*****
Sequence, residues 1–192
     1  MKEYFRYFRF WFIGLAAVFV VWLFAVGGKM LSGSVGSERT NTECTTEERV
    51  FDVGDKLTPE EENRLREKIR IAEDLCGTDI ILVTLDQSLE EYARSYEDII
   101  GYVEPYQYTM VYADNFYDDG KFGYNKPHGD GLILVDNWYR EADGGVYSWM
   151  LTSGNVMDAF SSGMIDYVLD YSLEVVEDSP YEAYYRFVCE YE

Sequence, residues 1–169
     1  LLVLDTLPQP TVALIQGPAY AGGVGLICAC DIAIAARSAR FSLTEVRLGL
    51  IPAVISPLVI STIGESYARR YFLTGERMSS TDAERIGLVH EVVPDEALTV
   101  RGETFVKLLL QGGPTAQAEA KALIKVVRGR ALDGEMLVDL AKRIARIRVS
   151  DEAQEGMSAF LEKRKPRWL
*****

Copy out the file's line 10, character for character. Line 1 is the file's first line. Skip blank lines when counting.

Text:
   151  DEAQEGMSAF LEKRKPRWL